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May 3, 2015

Redeemed: How Meditation Practice Helped Cure a Lifetime of Addiction.

Jeff Beaudoin, Ph.D.

Editor’s note: elephant journal articles represent the personal opinion, view or experience of the authors. This website is not designed to, and should not be construed to, provide medical advice, professional diagnosis, opinion or treatment to you or any other individual, and is not intended as a substitute for medical or professional care and treatment.

 

It seems in vogue these days to regard addiction as a weak mind on too much of a good thing, but the downward spiral from “I like it” to “I can’t live without it” is a great deal more complicated and tragic than poor impulse control.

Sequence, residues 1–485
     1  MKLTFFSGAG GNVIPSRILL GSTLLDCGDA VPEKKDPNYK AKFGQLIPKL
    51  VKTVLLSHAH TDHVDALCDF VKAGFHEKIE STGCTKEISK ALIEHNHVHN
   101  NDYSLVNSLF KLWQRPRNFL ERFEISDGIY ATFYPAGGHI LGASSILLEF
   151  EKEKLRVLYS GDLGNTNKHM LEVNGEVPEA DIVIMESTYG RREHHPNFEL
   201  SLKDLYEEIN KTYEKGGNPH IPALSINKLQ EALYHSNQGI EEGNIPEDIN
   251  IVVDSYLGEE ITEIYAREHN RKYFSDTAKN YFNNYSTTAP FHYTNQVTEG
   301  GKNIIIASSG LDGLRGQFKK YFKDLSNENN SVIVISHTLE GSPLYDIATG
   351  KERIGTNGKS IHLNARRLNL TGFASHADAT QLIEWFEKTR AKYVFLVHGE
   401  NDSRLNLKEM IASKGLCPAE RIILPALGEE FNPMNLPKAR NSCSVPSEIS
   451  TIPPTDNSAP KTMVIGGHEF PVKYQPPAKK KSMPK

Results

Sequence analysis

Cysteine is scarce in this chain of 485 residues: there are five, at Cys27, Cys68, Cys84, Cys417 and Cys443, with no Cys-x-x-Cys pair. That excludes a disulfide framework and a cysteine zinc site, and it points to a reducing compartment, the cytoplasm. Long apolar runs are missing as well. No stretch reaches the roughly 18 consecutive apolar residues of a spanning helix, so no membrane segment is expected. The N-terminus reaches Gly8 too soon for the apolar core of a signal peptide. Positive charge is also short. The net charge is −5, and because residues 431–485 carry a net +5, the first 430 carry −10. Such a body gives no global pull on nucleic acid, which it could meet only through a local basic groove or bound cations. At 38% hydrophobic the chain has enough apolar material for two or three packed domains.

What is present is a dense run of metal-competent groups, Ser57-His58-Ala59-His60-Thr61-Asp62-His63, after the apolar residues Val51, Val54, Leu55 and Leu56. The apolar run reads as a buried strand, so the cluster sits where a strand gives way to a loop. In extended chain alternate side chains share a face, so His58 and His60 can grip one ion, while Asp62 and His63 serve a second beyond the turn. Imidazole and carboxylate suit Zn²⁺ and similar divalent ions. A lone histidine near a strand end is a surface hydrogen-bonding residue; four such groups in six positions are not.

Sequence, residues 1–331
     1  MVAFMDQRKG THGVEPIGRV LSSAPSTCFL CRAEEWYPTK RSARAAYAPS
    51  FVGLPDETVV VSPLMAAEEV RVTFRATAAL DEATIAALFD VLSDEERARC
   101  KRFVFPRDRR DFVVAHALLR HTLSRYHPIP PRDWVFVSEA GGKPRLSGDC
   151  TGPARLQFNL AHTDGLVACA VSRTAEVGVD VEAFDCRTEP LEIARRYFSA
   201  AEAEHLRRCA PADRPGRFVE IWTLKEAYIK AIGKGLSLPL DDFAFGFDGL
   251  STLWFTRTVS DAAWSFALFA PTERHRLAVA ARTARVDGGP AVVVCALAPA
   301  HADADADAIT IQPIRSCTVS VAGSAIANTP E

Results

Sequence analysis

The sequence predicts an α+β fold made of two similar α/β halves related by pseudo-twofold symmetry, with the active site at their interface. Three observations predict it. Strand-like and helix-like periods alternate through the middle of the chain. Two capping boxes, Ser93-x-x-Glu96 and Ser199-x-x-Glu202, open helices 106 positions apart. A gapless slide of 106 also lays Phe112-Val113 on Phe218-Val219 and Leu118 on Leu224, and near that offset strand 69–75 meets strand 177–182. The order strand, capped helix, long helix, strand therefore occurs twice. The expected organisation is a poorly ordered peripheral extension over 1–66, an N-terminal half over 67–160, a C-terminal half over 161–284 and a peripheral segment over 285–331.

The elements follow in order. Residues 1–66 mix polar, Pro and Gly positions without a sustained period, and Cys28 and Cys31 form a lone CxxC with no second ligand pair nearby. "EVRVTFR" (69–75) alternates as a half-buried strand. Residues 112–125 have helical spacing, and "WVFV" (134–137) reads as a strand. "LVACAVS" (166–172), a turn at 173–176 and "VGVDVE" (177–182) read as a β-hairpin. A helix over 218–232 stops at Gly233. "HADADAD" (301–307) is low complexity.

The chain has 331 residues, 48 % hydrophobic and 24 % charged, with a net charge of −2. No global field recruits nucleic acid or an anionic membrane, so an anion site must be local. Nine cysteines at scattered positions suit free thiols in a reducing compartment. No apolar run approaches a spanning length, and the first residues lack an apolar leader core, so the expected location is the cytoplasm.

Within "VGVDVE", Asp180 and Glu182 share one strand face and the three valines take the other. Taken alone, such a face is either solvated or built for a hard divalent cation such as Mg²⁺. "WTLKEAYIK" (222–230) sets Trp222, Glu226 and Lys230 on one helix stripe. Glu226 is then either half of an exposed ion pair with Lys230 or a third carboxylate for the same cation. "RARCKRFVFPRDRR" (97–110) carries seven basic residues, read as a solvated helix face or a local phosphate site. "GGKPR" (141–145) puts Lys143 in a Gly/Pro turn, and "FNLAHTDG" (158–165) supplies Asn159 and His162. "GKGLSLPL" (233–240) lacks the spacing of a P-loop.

For over two decades I battled a humiliating addiction and can attest to it being a miserable state of utter servitude.

Addiction is a Band-Aid for pain. Whether comfort is found in alcohol, drugs, gambling, sex, food, or checking Facebook, the underlying mechanism is always the same: a compulsive distraction from feeling.

Here’s the cruel irony: the pains of addiction eventually over-ride and add to the deeper pain it’s covering up.

Too much of the medicine can be worse than the disease, and you can’t heal something you aren’t willing to look at. Yoga and meditation practice cured me of addiction by showing me how to deal directly with my pain and re-wire my brain.

My addiction began at 14 in one intoxicating moment far removed from the 13 agonizing years of abuse I’d just endured. A chemical rush of pure ecstasy flooded my senses and numbed my pain.